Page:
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A year after being literally wiped out, a Russian hockey team flourishes

Last November, nearly every member of the team Lokomotiv Yaroslavl was killed in a plane crash that devastated the hockey world. Today, the team is one of the KHL's best.

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After the crash, Mr. Yakovlev rejected a KHL offer to craft a replacement team assembled with players from other KHL teams, along with some of Lokomotiv’s junior players. Instead, the junior team played last year in Russia’s Major Hockey League – the country’s top minor league, all with the hope of returning to the top flight this season.

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And return they did, bouncing back even stronger than management had hoped.

“I knew we would have a good team; Mr. Yakovlev has been active signing good players. But even I’m surprised how quickly this team has gelled,” explains Mr. Rowe.

'A season dedicated to those guys'

Rowe cites a form of divine intervention for the team’s success. "I'm not being strange when I say this, I think we're getting some help from up above in the type of season we're having."

They're definitely looking out over us, and it's a good feeling," he says. "There's a calmness over this team every night that I haven't been around too often, and it's an awful lot of fun to be a part of it.”

Rowe was particularly impacted by the tragedy, being a friend of Brad McCrimmon, the team's Canadian coach who died in the crash. Mr. McCrimmon was set to start his first season with the team.

Russian Viktor Kozlov was playing for another team, Salavat Yulaev, last year when league commissioner Alexander Medvedev interrupted its first game to announce to disbelieving fans and players alike what had happened just a bit earlier in the day in Yaroslavl.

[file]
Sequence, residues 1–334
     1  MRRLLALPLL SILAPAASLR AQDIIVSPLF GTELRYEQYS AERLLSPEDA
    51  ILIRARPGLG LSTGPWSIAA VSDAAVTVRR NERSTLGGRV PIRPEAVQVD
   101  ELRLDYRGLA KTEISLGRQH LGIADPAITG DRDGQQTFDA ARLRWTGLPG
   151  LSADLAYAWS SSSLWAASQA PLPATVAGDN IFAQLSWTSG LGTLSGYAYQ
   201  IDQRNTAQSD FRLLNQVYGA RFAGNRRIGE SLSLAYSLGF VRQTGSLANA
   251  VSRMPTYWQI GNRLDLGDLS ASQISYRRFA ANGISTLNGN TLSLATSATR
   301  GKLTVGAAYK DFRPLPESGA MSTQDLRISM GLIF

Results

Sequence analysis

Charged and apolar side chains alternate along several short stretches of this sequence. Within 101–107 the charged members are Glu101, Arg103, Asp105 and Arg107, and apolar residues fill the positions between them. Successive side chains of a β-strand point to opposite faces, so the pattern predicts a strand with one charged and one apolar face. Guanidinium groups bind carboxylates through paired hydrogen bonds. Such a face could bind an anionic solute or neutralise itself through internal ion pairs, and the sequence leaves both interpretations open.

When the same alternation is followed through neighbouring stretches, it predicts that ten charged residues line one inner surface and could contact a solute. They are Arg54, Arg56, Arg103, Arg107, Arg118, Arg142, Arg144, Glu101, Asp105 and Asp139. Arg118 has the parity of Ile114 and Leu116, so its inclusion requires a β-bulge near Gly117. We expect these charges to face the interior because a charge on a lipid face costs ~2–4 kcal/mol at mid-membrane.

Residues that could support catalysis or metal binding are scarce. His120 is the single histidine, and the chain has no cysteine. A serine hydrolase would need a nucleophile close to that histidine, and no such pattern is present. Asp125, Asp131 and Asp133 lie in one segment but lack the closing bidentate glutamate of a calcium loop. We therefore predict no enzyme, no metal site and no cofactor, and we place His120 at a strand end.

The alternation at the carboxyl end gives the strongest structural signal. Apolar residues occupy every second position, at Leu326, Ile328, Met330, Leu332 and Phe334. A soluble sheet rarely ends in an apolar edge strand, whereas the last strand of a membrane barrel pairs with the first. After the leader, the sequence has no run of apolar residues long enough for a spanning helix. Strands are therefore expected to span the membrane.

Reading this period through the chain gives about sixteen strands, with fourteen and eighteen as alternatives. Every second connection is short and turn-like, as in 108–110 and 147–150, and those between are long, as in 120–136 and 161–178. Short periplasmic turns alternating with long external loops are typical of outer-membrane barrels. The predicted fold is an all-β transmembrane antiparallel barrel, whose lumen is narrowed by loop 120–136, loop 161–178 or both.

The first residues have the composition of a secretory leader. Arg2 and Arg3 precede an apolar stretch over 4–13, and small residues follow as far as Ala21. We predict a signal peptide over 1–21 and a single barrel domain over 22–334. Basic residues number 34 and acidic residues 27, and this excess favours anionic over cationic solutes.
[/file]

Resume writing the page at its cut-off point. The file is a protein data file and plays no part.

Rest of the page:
“I was shocked by the news. We all were. We couldn’t believe it,” says Mr. Kozlov, who plied his skills for years in the NHL.

Now, a year later, Kozlov is with Lokomotiv. Kozlov says he joined the team, partly for the chance to be part of the team’s rebirth. He says although life goes on, the former team must not be forgotten. 

He points to a charity match played earlier in the year in Zlin, in the Czech Republic. That was the hometown of Karel Rachunek, one of three Czech players to die in the crash. "Yeah, of course, we remember the guys, like Karel Rachunek, with the game with Zlin."

Canadian Mark Flood says the constant reminders – including the ringing of a bell before each home game to honor the fallen players – are all part of what motivates the team. 

"Every home game we have a little ceremony for the team that passed away last year. So, we're reminded of it every day," explains Mr. Flood. "Definitely our season is dedicated to those guys."

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